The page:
A blog to give a voice to our concern about the continued erosion of our democratic processes not only within the House of Commons and within our electoral system but also throughout our society. Here you will find articles about the current problems within our parliamentary democracy, about actions both good and bad by our elected representatives, about possible solutions, opinions and debate about the state of democracy in Canada, and about our roles/responsibilities as democratic citizens. We invite your thoughtful and polite comments upon our posts and ask those who wish to post longer articles or share ideas on this subject to submit them for inclusion as a guest post.
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Sunday, January 2, 2011

Coalition a reality?

With the possibility of an election once again (still?) in the news it was good to see that Gov. Gen. David Johnston has been busy brushing up on constitutional governments in case he is called upon to navigate a choppy political crisis. That he has said that he sees nothing wrong or illegitimate with coalition governments and recognizes that “any governor general who has that role in a constitutional system like ours, from time to time will be confronted with questions where there is an element of discretion,” is encouraging. Would that the attitude of our official opposition was equally encouraging.

As one observer said in a reply to Scott's postAdd the GG’s remarks to the fact that Harper and crew seem quite unfazed by the installation of a coalition government in Merrie Olde Englande. I think the fractious nature of recent Parliamentary discourse (QP) could make the idea of a cooperative coalition quite attractive to many Canadians. A dedicated educational approach by would-be coalition partners would be beneficial, too.
The big problem is that Ignatieff has been unequivocal in his rejection of a coalition. He’s played right into Harper’s framing of a coalition as illegitimate and painted himself into a corner.

That sums it up very nicely, not 5 minutes after the last attempt to form a coalition fell apart the leaders resumed attacking each other and have, by their continued and ongoing rhetoric of trying to frame their individual partys as the ONLY choice, doomed us to yet more “dysfunctional” parliamentary shaninikins. The reality is that WHENEVER the next election take place it is highly improbable that any party will get a majority, unless perhaps some of the conservatives dirty washing that they have been so desperately trying to hide sees more light of day, .... AND the electorate takes any notice of such revelations. But then the alternative choices for our citizens are rather hard to select, does one choose the NDP or Greens in a effort to have some alternate views in the House or select the Conservative Lite also known as the Liberal party, either way a minority is probable.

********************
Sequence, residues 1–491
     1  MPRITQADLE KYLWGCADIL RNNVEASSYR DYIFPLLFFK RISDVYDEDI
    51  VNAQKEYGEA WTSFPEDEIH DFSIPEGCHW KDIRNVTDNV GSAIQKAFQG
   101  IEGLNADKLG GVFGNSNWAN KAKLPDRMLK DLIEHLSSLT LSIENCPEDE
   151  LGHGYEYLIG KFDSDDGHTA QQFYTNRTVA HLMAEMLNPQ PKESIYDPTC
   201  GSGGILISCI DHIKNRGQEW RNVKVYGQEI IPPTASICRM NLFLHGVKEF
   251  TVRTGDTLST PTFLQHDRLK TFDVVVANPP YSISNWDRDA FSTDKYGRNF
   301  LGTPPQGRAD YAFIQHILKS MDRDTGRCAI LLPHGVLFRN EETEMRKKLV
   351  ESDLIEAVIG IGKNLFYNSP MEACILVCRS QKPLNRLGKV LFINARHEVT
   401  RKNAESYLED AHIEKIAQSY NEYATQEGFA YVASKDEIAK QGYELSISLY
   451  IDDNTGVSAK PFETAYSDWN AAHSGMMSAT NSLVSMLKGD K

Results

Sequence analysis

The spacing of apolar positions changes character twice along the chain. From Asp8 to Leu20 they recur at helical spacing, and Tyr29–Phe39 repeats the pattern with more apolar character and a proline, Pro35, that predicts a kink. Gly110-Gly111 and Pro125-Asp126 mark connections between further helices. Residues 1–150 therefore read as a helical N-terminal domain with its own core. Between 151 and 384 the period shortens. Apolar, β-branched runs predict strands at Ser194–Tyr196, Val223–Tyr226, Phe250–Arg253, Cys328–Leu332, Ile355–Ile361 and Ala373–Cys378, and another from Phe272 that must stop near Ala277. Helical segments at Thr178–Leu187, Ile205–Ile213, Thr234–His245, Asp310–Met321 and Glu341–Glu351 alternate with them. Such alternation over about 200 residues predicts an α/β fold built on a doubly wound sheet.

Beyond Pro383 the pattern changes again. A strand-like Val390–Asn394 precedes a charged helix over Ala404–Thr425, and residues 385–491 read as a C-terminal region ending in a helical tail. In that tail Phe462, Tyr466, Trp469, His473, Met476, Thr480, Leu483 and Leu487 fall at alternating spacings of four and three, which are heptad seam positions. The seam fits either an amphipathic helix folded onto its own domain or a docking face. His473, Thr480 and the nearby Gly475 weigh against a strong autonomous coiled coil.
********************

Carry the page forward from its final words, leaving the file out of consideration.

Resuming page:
Unless you are a manipulating control freak with little or no regard for parliamentary convention and rules, and apparently some 30% of our citizens are quite happy with such running the country, a functional minority government requires a degree formal agreement of cooperation between two or more partys...... its called a coalition folks. That the scare tactics of the Harper regime have not only convinced so many of our citizens that such cooperation is untenable and 'unconstitutional' but that the official opposition is reinforcing this belief with their anti-coalition rhetoric is clear indication of how these politicians put themselves and their party before us and our country.

Another observer highlights the direction that things are going in with this observation:-
In terms of the last 40 years, our Parliament is sitting a lot less and doing a lot less,” says Queen’s University political scientist Ned Franks.
Franks says governments have compensated for prolonged parliamentary timeouts by increasingly cramming all manner of unrelated legislation into massive omnibus bills, which allow for little individual scrutiny of the various measures. They’ve also resorted more frequently to passing general enabling legislation, giving the government broad discretion to act in future without going back to Parliament for approval.
The upshot is that the government evades scrutiny and Canadians are left in the dark about what their federal politicians are up to..................
This doesn’t necessarily mean the Harper government is legislating less. Franks said the government pushed about half of a normal year’s legislation through in a single bill — this year’s massive budget implementation bill that included varied measures dealing with all manner of subjects from environmental assessments to the post office to the future of Canada’s atomic energy industry. “

Its clear that NONE of the large political partys can be trusted to run things on their own and that only a wide range of ideas and views in the HoC will produce a balanced and generally acceptable outcome. That is how parliament is suppose to work but with the precedent set by the current minority government I doubt that parliament (or the senate) will ever be the same again, I morn for our democracy and hope that a coalition FORCED upon the politicians by the voters choice will smarten them all up.

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Colette Amelia said...

hear hear!

Alan Goodhall said...

Over the course of this year I made an effort to become more active in my role as a citizen. The state of health of our body politic has me feeling more disillusioned than ever.

Rural said...

I feel your pain Al, I have been trying not to get depressed about the state of our Parliamentary Democracy but it is getting increasingly hard to see a way out of the current disregard for public opinion and wishes by politicians of all shapes and sorts!